Catch-up July 31st – Sept 29th

I have once again fallen behind in Rounding Up the news, so here play catch up, over what has been a very busy two months.
Genome editing
  • In a world first, a Chinese group have used a technique called base-editing to cure a genetic disease in a human embryos. Whereas CRISPR cuts DNA, base editing directly changes the base, leaving the DNA strand intact. The paper is from the same group that published the first CIRSPRing of human embryos. 
  • A survey of Americans found that about two thirds were generally accepting of genome editing for therapeutic purposes. About a third were supportive of genome editing for enhancement reasons.
  • First in human gene therapy trial in the US started, using Zing fingers to target Hemophilia A. Meanwhile, Reuters reports that the two gene therapies approved in Europe have seen sales of only 3
  • The scientist who edited the first human embryo in the US stresses that the main result of his work was that the embryo did not incorporate the supplied healthy” DNA, but instead preferentially incorporated an extra copy of the mother’s DNA. This puts the prospect of designed babies further off.
  • Following news of germline human genome modification, several genetic professional societies published a joint statement on the future of the technology, covering the following positions: (1) At this time, given the nature and number of unanswered scientific, ethical, and policy questions, it is inappropriate to perform germline gene editing that culminates in human pregnancy. (2) Currently, there is no reason to prohibit in vitro germline genome editing on human embryos and gametes, with appropriate oversight and consent from donors, to facilitate research on the possible future clinical applications of gene editing. There should be no prohibition on making public funds available to support this research. (3) Future clinical application of human germline genome editing should not proceed unless, at a minimum, there is (a) a compelling medical rationale, (b) an evidence base that supports its clinical use, (c) an ethical justification, and (d) a transparent public process to solicit and incorporate stakeholder input.”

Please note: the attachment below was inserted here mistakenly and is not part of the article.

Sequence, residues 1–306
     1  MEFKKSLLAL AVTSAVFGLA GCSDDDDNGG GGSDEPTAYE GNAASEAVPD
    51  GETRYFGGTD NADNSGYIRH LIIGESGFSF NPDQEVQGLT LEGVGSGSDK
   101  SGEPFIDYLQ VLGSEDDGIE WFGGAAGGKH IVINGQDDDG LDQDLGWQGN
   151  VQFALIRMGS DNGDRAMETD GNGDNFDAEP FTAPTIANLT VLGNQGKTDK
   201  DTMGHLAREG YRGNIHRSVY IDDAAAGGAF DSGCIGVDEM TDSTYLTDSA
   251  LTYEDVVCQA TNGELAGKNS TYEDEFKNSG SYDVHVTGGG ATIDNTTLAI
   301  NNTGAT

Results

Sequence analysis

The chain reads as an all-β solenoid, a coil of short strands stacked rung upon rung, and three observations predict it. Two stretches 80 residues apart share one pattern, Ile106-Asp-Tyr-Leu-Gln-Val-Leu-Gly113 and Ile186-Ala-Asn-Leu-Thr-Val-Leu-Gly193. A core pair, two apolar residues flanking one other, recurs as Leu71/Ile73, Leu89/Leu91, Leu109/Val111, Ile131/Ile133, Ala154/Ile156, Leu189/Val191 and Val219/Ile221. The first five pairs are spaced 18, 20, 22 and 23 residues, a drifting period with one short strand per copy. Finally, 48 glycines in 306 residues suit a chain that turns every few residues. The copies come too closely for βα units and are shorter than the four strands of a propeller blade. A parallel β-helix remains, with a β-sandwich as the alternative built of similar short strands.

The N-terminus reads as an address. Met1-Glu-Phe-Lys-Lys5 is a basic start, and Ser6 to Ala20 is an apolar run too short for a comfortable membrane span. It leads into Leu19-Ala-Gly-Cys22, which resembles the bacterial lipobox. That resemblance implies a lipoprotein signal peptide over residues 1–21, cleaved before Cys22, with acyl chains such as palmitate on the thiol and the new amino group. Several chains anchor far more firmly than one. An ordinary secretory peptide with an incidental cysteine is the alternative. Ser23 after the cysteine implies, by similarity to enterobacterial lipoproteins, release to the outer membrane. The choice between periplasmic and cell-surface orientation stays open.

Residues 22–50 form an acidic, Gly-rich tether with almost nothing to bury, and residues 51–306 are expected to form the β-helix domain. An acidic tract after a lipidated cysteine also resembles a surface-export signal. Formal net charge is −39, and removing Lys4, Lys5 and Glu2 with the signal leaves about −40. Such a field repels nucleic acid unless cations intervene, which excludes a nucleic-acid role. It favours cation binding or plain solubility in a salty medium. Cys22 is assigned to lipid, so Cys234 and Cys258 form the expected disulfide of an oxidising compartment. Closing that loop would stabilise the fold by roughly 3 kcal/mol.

• A version of CRISPR that acts on RNA, with potential clinical applications e.g. to Huntingtons.
  • CRISPRcon, help in Berkeley in August, was designed to pull people to talk about a world with genome editing.
  • A great quiz from the New York Times for seeing how up to the times you are on genetic engineering. Contains reference to several of the recent major stories. 
  • Meanwhile the Onion tackles the pros and cons of genome editing. 
  • And a nice summary from Ed Yong of what the recent human embryo editing means and doesn’t mean.
And on making babies
  • Some men are infertile because they have XXY or XYY sex chromosomes. Scientists have demonstrated a technique in mice where they create sperm from ear cells via stem cells, loosing one of the extra chromosomes along the way.  
  • On that note, a review of where we’re at with infertility technology, with a particular focus on making artificial gametes.
  • The FDA has sent a cease and desist letter to the NYC based doctor who was offering mitochondrial transfer to couples (so called three person babies, legal in the UK).